Why did I choose to study at the LSE? Having attained my Bachelor’s degree in Political Science in Spain and Portugal, I wanted to complement my academic foundations with the world-renowned British approach to higher education. In addition to taking on an intense academic challenge, I was excited to do so in the heart of London: a truly global metropolis.
I arrived at the EI in 2016 – a landmark year in global politics, as the UK had just voted to leave the EU and, soon after, Donald Trump was elected President of the US. This, to me, highlighted that globalisation and economic integration are political choices rather than irrevocable facts. At that moment, many difficult questions loomed for politics and policymaking. The EI was an excellent place to engage in thought-provoking debates on the future of capitalism, welfare states, UK–EU relations and the European project in general.
I can attest that my high expectations were met, and my time at the LSE greatly contributed to my intellectual development. I was privileged to learn from and work with leading academics and (in addition to my main courses) attend a variety of other lectures and seminars. Amongst these, a series on political risk by Mujtaba Rahman (Eurasia Group) truly helped me enhance my critical thinking. I must also commend the wide range of resources on offer to students, particularly the exceptional library; and, of course, I met many bright, engaged students from all backgrounds, several of whom became good friends.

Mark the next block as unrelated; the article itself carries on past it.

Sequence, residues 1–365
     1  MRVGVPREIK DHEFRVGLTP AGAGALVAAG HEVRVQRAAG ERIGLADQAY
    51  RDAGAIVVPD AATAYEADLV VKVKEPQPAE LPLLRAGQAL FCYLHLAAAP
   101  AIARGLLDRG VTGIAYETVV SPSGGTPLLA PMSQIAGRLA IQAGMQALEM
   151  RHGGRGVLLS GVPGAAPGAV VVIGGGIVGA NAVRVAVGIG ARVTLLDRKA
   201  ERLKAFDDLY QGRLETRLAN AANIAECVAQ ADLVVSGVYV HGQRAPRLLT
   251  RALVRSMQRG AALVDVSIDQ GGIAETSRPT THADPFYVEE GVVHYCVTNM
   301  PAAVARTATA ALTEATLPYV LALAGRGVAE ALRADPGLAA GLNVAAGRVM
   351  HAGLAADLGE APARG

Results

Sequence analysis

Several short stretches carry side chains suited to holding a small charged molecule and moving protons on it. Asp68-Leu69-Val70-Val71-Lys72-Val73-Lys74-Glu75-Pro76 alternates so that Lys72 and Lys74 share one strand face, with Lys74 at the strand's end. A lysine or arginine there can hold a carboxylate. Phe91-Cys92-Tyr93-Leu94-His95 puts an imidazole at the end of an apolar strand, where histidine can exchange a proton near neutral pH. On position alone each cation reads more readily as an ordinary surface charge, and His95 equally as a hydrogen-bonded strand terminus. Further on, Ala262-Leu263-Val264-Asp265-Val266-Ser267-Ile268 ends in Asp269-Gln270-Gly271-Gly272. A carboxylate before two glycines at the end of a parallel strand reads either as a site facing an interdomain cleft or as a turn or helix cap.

After finishing my degree, it seemed natural to apply what I had learned in Brussels, the centre of EU policymaking. A traineeship at the European Parliament was a valuable start, after which I gained experience in the private sector as a Public Affairs Consultant. For that, my time at the EI proved invaluable in helping me analyse legislative developments in the EU and design tailored public affairs strategies in fields as varied as digital technologies and healthcare.
Since 2019, I have been a Policy Advisor to a Member of the European Parliament from Latvia, focusing on economic and environmental policymaking. In my work, I draw on powerful ideas that I explored at the EI, such as theories of economic integration; I also draw on various skills I improved during my time at the LSE, including the ability to analyse complex issues, make convincing arguments, and meet strict deadlines.
The moment I left the LSE, I knew I wanted to maintain a close link to the School. Soon after arriving in Brussels, I started taking part in activities of the LSE Alumni Association in Belgium, later becoming a Board Member. Of the many events we have organised, I would highlight the one regarding the future of the LSE itself, in February 2020, with Dame Minouche Shafik, LSE Director, and Professor Simon Glendinning, Head of the European Institute. Today, as the LSE AAB Vice President, I am happy to continue giving back to the Alumni community – which has undoubtedly also enriched me.